Sometimes prospective clients will ask me if I specialize in their particular industry: "Do you have experience writing for the automated-widget industry?" Many times I can truthfully answer, "Yes." Other times I can just as truthfully say, "No, and here's why it doesn't matter."
So here's why it doesn't matter.
Most of us copywriters consider ourselves generalists -- professionals adept at the art of absorbing and understanding whatever information we need to write on the widest possible range of subject matter.
Specializing in a particular industry or subject has its points, of course, both for clients and for writers. Specialists usually require less intake on the subject from the client, eliminating much of the learning curve on the front end of the project. From the writer's perspective, a more specialized niche is easier to market to because that target market makes up a more cohesive group -- people who tend to belong to the same organizations and speak the same lingo.
As a generalist myself, I think general-subject writers have the edge in some notable ways. For one thing, the sheer cross-pollination of concepts, information and resources that we generalists sift through on a daily basis, year after year, enables us to see the broad view of how your particular industry relates to others. If you work in the "green" industry, for instance, your product or service may impact the manufacturing, real estate, health and wellness, energy, electronics and other industries. Well, guess what? I've written for all of those industries and many others, so I can see the connections between them -- which means that I can help your audience see them as well.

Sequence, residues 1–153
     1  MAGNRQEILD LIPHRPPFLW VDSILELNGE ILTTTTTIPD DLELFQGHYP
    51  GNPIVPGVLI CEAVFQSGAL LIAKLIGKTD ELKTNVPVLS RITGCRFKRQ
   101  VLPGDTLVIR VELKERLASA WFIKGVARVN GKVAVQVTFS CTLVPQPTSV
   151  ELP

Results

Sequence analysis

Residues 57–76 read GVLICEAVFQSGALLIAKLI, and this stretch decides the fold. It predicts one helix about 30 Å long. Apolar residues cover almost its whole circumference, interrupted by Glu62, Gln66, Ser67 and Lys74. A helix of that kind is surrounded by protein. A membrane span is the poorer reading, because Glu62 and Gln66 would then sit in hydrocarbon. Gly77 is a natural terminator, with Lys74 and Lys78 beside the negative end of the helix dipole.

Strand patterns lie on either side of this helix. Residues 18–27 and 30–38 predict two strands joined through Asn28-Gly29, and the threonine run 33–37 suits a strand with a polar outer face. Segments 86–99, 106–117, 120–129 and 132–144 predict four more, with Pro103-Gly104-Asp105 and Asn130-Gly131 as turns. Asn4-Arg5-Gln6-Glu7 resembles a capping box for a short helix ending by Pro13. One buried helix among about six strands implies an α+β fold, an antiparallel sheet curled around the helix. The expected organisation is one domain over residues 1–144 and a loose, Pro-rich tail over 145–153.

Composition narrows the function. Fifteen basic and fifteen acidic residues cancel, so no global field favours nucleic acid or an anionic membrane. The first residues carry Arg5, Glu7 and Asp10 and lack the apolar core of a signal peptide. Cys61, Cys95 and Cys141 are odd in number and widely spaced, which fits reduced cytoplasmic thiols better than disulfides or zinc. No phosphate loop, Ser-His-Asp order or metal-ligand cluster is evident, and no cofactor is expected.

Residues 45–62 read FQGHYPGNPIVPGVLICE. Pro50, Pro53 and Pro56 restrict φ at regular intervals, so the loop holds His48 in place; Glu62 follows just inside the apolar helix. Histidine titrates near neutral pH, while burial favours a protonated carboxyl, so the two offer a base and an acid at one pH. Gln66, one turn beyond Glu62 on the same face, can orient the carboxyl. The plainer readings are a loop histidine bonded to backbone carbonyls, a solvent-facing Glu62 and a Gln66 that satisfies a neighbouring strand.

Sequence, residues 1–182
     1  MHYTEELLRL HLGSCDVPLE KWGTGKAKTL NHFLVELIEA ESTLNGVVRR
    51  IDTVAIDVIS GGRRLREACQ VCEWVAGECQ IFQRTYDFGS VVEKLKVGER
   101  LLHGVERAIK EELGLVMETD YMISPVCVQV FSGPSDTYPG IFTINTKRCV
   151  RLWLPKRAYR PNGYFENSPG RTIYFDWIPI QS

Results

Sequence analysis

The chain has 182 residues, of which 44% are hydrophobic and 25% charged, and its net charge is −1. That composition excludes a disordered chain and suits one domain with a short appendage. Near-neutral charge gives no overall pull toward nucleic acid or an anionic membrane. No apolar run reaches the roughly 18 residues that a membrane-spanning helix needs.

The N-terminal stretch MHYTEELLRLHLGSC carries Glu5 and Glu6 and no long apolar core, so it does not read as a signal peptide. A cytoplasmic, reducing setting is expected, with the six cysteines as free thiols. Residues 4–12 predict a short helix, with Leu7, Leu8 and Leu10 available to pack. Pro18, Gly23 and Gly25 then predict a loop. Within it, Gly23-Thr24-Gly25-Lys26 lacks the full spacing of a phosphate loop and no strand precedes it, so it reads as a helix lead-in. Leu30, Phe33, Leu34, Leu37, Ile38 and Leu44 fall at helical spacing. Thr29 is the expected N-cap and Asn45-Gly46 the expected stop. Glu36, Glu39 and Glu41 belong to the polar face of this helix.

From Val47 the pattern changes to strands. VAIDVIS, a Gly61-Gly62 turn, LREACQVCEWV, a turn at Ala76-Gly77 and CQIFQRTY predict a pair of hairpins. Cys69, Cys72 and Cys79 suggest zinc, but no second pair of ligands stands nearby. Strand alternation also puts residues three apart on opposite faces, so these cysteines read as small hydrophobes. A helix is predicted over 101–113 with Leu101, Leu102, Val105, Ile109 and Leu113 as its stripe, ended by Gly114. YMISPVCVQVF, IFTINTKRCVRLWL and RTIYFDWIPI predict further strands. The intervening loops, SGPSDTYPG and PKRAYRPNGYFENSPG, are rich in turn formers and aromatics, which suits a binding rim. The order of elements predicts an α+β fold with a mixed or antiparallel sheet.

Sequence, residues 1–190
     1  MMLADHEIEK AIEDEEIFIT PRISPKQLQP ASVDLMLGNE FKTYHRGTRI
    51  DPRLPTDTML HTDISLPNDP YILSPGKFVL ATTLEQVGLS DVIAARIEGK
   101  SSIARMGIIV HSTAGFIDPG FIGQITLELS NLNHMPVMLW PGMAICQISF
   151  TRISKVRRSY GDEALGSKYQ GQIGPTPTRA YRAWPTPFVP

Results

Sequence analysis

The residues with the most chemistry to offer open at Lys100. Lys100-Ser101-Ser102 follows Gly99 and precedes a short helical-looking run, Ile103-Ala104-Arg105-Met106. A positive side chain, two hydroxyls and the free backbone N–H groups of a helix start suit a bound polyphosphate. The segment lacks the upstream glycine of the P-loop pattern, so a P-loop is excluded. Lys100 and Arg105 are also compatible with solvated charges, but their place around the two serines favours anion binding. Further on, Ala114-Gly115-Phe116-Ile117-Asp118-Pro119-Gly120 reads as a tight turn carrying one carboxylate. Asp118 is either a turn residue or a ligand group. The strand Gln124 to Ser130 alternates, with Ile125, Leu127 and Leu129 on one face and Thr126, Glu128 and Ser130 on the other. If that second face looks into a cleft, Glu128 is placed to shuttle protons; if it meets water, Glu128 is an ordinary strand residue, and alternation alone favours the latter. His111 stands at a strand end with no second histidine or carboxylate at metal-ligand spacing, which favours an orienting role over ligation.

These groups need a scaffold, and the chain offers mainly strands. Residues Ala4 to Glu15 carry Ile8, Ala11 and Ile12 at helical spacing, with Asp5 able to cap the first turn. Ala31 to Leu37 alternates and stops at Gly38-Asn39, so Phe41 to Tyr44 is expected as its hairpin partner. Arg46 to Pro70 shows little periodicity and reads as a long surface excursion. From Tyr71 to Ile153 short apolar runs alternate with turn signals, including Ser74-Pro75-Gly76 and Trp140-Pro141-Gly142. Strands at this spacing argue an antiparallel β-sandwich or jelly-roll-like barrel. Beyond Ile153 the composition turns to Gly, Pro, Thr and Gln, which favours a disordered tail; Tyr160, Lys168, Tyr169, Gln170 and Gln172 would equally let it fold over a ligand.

At the same time, the outsider's perspective counts for much. People who live and think in one field 24/7 start to assume that the rest of us know as much about it as they do, and they start speaking in buzzwords and technobabble without even realizing it. A writer who can step in as Joe Q. Public and say, "What's the bottom line on this stuff?" can see your products or services from a mainstream audience's point of view.
Of course, everyone specializes in some way or other. Even though I write on every topic under the sun, for instance, I focus on marketing pieces, or as I like to call it, "writing for short attention spans." The work I do has a specific mission -- to grab and hold someone who's ready to flit off to some other distraction, and then nail a point home quickly and engagingly enough that the reader makes a purchase or requests more information. But as a general-subject writer, I can do that for any industry, product or service. Generally speaking.